King's Stables

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The King's Stables is an archaeological site in County Armagh, Northern Ireland. The earthwork known as the King’s Stables is a Scheduled Historic Monument in the townland of Tray, in Armagh City and District Council area, at grid ref: H8388 4546.[1]

Features[edit]

It consists of a boggy hollow, originally an artificial, flat-bottomed pool about 25 metres (82 ft) in diameter, partly surrounded by an earthen bank, about 300 metres (985 ft) north-east of Haughey's Fort. It dates to the late Bronze Age, ca. 1000 BC, contemporary with Haughey's Fort. Excavations in 1975 discovered clay moulds for bronze leaf-shaped swords, pottery, and items of worked bone and wood. Also found were 214 animal bones and a human skull.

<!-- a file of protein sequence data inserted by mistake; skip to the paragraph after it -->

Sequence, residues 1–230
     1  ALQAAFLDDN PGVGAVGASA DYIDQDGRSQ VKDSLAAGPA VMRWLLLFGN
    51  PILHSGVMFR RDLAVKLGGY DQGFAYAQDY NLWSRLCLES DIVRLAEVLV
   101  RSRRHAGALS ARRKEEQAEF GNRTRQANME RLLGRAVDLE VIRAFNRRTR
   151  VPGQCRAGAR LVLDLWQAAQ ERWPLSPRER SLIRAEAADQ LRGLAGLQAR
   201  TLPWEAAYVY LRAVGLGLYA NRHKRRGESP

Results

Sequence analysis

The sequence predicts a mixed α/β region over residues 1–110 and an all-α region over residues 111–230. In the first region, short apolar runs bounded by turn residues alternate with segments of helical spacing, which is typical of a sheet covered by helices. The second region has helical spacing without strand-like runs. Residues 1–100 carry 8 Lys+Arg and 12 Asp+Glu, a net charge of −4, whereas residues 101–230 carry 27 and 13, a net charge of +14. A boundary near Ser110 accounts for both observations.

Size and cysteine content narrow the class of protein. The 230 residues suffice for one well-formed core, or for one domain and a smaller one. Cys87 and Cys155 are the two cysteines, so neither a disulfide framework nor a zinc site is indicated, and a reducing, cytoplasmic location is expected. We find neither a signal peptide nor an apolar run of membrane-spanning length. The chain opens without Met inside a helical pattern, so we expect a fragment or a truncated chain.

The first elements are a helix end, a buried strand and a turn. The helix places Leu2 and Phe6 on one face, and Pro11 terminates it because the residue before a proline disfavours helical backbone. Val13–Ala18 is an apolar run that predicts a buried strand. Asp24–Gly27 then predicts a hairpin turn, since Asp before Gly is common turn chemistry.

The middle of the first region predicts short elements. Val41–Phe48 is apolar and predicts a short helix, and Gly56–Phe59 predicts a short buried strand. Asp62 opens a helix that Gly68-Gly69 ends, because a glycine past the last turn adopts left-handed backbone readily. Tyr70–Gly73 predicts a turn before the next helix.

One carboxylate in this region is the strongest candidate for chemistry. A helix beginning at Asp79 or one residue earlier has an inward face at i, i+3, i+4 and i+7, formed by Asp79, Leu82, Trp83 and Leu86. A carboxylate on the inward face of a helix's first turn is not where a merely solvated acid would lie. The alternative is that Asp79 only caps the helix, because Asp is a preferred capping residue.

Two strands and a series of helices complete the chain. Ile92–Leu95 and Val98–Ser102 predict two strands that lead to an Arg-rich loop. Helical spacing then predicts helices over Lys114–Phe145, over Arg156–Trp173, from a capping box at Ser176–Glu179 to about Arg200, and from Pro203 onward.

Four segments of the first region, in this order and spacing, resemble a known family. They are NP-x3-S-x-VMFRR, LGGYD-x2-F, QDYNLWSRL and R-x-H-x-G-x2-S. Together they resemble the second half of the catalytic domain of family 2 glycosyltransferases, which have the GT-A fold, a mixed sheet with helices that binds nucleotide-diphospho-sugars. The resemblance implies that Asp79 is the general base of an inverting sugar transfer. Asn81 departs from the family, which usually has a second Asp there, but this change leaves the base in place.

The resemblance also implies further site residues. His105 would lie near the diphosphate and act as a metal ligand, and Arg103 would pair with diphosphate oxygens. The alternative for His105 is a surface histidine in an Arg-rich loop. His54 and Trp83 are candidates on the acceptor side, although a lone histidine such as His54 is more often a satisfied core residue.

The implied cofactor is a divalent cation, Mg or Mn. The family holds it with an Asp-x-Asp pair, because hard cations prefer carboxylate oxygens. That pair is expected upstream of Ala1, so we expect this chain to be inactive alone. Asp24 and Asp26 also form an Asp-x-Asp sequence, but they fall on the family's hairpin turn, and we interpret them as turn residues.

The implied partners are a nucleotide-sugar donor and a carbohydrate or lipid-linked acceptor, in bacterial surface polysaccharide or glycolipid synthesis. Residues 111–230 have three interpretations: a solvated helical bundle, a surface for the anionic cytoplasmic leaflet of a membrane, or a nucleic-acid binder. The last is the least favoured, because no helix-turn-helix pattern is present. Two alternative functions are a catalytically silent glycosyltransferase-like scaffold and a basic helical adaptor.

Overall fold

Name[edit]

The name is probably related to a local tradition that the ancient kings of Ulster watered their horses and washed their chariots in the pool. The same name has been given to Milecastle 48 on Hadrian's Wall; in this case the layout of the walls is reminiscent of stables.

See also[edit]

References[edit]

  1. ^ "King's Stables". Environment and Heritage Service NI - Scheduled Historic Monuments. Retrieved 2007-12-03. 
  • Chris Lynn, Navan Fort: Archaeology and Myth, Wordwell Books, 2003
  • R. B. Warner, "The Navan Archaeological Complex: a Summary", Ulidia, December Publications, 1994